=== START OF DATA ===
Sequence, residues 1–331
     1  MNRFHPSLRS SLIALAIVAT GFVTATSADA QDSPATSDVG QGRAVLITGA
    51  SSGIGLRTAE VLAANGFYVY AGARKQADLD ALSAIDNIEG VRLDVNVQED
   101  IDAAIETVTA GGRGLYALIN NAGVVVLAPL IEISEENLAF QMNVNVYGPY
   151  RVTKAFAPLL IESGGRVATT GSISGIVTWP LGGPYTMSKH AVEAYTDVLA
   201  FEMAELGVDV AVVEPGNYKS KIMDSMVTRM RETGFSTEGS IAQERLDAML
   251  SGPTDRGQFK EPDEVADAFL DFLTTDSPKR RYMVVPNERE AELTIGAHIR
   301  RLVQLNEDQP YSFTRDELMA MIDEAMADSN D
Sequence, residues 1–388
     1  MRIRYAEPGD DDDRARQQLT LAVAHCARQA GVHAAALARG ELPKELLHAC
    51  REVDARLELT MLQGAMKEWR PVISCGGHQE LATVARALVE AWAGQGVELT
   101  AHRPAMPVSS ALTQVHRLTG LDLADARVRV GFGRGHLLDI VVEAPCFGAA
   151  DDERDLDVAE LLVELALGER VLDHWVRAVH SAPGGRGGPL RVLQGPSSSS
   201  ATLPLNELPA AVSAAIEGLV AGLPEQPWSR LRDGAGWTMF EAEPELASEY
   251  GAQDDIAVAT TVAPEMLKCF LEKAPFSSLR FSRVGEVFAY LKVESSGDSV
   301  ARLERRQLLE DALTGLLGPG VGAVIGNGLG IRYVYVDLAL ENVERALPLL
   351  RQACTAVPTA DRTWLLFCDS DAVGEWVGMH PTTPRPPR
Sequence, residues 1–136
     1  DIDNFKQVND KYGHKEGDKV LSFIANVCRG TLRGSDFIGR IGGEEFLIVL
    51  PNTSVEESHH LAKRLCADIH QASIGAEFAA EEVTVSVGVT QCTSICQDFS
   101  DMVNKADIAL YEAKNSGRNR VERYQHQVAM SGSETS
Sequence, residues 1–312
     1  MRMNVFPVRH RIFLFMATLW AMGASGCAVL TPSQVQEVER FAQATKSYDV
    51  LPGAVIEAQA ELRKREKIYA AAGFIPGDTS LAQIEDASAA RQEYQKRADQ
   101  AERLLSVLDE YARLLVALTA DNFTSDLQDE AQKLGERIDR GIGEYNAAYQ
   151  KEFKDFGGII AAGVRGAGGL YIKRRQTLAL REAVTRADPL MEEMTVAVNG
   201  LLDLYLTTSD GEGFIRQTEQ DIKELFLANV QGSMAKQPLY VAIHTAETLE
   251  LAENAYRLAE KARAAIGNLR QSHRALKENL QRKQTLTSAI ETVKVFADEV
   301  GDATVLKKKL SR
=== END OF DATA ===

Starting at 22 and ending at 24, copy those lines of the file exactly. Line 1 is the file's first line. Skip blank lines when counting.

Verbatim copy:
Sequence, residues 1–312
     1  MRMNVFPVRH RIFLFMATLW AMGASGCAVL TPSQVQEVER FAQATKSYDV
    51  LPGAVIEAQA ELRKREKIYA AAGFIPGDTS LAQIEDASAA RQEYQKRADQ